Chances are you never bought a new car without a Monroney Label. You may not even recognize the name “Monroney”, and think of the label that appears on all new cars as simply the “sticker or the “window sticker”. Only if you bought a car before 1958 would you not have had this federally mandated window sticker attached to your new car. Senator Mike Monroney was the driving force behind this Federal law, Chapter 28, Sections 1231-1233, and Title 15 of the United States Code. This law requires that all car manufacturers affix a manufacturer’s suggested retail price, MSRP, on every new car and truck they sell in the form of a window sticker. This MSRP is the same for all cars of the same make, model, year, and accessories. This Federally mandated window sticker can only be removed by the buyer of the car and failure to adhere to this law is punishable by up a $10,000 fine and one year in jail per offense.
The reason that this law was passed in 1958 is that car dealers were resorting to deceptive advertising and sales practices to inflate the price of cars and prevent accurate price comparisons by car buyers. Car dealers were adding on extra charges, over-allowing on trade-in allowances, and offering artificial discounts. Because there was no standard price on any car, the dealer could quote any price he wanted as the retail price of the car. If a car buyer shopped at three different Ford dealers for a specific Ford model with the same accessories, he would be quoted three different retail prices. The discount he was offered was just a function of how high the dealer wanted to make the retail price. The trade in allowance could be as high as the customer wanted just by marking up the new car higher.
Well you guessed it, today in 2012, fifty-four years later, car dealers are “adding on extra charges, over-allowing on trade-in allowances, and offering artificial discounts” to deceive their customers just like they did prior to 1958. The main deceptive device that the dealers invented to accomplish this was the “addendum label or sticker”. It is also referred to occasionally as a supplemental sticker. I’ve written about this before and I used the name “phony Monroney”. I call the addendum label this because most dealers design their own stickers, addendum labels, to look identical to the federal Monroney labels. They use the same colors, logos, size, and right down to the same font size and style. This is clearly an attempt to deceive the car buyer into believing that the total price is the official manufacturer’s suggested retail price. Sadly, it doesn’t have to be a very good counterfeit because many car buyers never even look at the Monroney sticker on the car they buy.
Almost all car dealers add an addendum sticker next to the Monroney sticker. The addendum stickers usually list dealer added accessories that have very low cost to the dealer but very high markups to the car buyer. Common accessories are paint sealant or polish, fabric coat like Scotch Guard, stripes, Nitrogen in tires, and cheap theft deterrents like window etch. A package of these accessories will typically cost the dealer less than $100 but will carry a retail asking price of $995 to $2,995 or higher. In addition to dealer accessories there is commonly an additional markup to the MSRP carrying an innocuous, indecipherable label like ADM, MAA, or RMV. These letters stand for Additional Dealer Markup, Market Adjustment Addendum, and Regional Market Value. The amount varies from dealer to dealer and is simply a function of how much chutzpah the dealer has and how gullible he thinks his customers are.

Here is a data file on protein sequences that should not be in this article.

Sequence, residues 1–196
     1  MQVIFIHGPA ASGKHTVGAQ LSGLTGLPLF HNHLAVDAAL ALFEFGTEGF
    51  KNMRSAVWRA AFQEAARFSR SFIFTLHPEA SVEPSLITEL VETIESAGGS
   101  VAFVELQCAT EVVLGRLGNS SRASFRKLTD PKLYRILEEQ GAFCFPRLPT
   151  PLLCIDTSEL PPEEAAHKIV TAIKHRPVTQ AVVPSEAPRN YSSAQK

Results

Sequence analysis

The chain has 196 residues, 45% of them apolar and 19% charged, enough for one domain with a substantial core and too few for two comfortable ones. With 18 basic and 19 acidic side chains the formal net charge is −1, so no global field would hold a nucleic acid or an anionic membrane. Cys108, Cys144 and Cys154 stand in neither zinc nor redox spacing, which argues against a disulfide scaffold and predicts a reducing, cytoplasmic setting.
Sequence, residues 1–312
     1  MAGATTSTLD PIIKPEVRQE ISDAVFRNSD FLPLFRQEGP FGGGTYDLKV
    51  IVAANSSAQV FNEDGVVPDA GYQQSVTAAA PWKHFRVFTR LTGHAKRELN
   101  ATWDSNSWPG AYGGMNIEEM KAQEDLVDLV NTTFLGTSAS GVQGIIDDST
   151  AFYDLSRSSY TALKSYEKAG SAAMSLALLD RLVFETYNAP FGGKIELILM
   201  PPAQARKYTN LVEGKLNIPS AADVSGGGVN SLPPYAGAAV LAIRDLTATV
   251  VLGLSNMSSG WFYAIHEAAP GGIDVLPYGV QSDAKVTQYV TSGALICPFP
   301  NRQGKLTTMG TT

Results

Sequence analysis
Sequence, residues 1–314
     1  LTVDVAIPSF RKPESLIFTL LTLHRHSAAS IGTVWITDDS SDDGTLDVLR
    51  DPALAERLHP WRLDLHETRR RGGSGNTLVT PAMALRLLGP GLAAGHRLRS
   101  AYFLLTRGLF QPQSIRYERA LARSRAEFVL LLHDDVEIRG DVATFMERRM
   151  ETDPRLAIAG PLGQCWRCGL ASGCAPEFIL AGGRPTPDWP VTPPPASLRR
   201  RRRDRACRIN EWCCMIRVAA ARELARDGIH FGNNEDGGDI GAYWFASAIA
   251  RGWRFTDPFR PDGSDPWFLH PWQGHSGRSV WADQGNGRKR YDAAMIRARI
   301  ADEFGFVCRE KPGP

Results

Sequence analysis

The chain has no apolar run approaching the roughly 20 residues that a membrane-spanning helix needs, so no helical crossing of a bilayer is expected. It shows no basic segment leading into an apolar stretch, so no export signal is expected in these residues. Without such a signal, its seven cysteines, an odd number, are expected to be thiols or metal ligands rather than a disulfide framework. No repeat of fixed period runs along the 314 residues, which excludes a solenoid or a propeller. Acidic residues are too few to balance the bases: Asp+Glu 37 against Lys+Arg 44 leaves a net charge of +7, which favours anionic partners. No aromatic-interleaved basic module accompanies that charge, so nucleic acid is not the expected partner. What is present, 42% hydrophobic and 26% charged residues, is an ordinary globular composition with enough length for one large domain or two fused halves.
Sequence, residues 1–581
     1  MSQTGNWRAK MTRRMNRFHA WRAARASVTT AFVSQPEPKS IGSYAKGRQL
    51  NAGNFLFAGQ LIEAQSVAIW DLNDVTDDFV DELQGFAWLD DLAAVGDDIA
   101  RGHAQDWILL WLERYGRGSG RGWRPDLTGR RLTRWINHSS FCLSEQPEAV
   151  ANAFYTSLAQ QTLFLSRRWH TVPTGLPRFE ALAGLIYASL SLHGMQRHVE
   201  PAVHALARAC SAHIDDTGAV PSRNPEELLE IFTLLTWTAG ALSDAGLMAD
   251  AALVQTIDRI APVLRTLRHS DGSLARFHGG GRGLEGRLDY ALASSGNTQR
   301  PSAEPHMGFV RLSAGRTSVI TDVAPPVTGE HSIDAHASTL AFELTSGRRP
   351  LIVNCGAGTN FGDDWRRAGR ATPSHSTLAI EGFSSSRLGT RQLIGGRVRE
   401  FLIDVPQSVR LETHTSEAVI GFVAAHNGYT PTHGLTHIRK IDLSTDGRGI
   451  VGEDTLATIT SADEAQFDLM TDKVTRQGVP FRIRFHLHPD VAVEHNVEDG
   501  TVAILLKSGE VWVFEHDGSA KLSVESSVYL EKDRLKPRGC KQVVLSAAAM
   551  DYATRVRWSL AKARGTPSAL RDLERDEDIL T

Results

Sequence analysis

Currently there’s a dealer in South Florida, West Palm Beach Kia, that marks up every one of their new cars by $6,998 over the Monroney label, the MSRP! This comes from a virtually worthless $2,500 “appearance and protection package” and a $4498 Regional Market Value”. You might ask yourself, “Who could possibly fall for advertising a big discount when the dealer first marks the cars up $7,000 over MSRP?” You will be surprised to learn that this dealer is one of the highest volume sellers of any make in Florida. As you know, Kia is not one of the more popular selling cars, so what other than this advertising can you attribute to their success?
Deceptive advertising and sales practices work and that’s why Congress passed a law fifty-four years ago to stop exactly this practice. I don’t pretend to be an attorney, but it seems to me that what dealers are now doing is flaunting a federal law. What Senator Mike Monroney envisioned and the law he introduced was to protect car buyers from exactly what West Palm Beach Kia is doing so successfully today. Senator Monroney wanted all car buyers to be able to compare a discount offered by one Kia dealer with other Kia dealers on the same year, model and equipped Kia. Adding a $7,000 markup to the MSRP so that larger discounts can be advertised and larger trade-in allowances can be offered is flaunting the intent of Chapter 28, Sections 1231-1233, and Title 15 of the United States Code. If it isn’t a direct violation, it absolutely is a circumvention of its purpose and intent.